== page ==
Genetic Disorders Sourcebook: Basic consumer health information about hereditary diseases and disorders, including facts about the human genome, genetic inheritance patterns, disorders associated with specific genes....
Reference, Learning Commons RB155.5 .G455 2004

Encyclopedia of Genetics, 4 vol., 2002
Reference, Learning Commons QH427 .E535 2002
Detailed genetics encyclopedia, includes genes, genetic diseases, famous geneticists, and genetic and molecular biology terms.

Dictionary of Syndromes and Inherited Disorders, 2000
Reference, Learning Commons RC69 .G55 2000
Brief 1-2 page overviews of inherited disorders. Might be worth scanning for topic ideas.

*Nature Encyclopedia of the Human Genome, 5 vol., 2003
Reference, Learning Commons QH427 .E53 2003
Wonderfully detailed articles on a wide array of genetics and genome-related topics—including the deCODE genealogical project in Iceland, gene therapies for many disorders, in-depth discussions of multi-gene disorders, genetic counseling, ethical and societal issues, DNA technologies, etc. Articles have significant lists of references at the end.

Encyclopedia of Bioethics, 3rd ed., 5 vol., 2004
Reference, Learning Commons QH332 .E52 2004
Vol. 3 has several chapters on genetics-related ethical issues (screening, testing, counseling, discrimination). Chapters include a bibliography of articles and web sites.

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II. Selected Internet Resources

Expert reviews of over 240 genetic diseases—reviews include links to OMIM (see below), PubMed, and many other resources. Also information on genetic testing and testing laboratories. If your topic is in here it is a great place to start.

Web site includes many very useful resources for information on genetic diseases, genes, chromosome maps, and articles (Pubmed). Many of this are inter-linked, so if you go to one part, you can connect to other sections. Some useful sections:

    A catalog of human genes and genetic disorders, with links to literature references, sequence records, maps, and related databases. Very detailed, intended for use primarily by physicians and other professionals concerned with genetic disorders.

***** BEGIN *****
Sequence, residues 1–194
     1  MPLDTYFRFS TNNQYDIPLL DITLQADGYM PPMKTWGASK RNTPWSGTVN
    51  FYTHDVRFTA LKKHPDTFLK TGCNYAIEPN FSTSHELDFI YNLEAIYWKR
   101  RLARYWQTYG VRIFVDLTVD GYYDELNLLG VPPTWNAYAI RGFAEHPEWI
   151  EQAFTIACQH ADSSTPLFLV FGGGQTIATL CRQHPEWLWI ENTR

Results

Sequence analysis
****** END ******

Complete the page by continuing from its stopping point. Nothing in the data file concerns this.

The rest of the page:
• Genetics Home Reference http://ghr.nlm.nih.gov

Contains summaries of genetic diseases, gene information, names and symbols, and links to other good resources. Intended for the general public.

The official site for information about the Human Genome Project. Includes information on ethical and social issues, technology, current news releases, history and purpose of the project, etc.

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Evaluating Web Resources

How do you know if a web resource is accurate and reliable?
Here are some things to consider:

    • Author/Authority: Who (person or organization) is in charge of the site? Are they qualified to present this type of information.
    • Purpose/Bias: What is the purpose of the web page? Be aware of hidden (and not so hidden!) agendas on web pages. Some aspects of genetic testing, the genome project, etc. raise strong feelings and these can be reflected in highly biased web sites.
    • Content/Accuracy: What is the level of information? Do you find errors and inaccuracies? Does the web page include links to references or other pages where you can check data? Are these other links to quality resources (like journal articles, genetic data, etc.)?
    • Currency: Most web pages should have a copyright date as well as date when the page was last updated.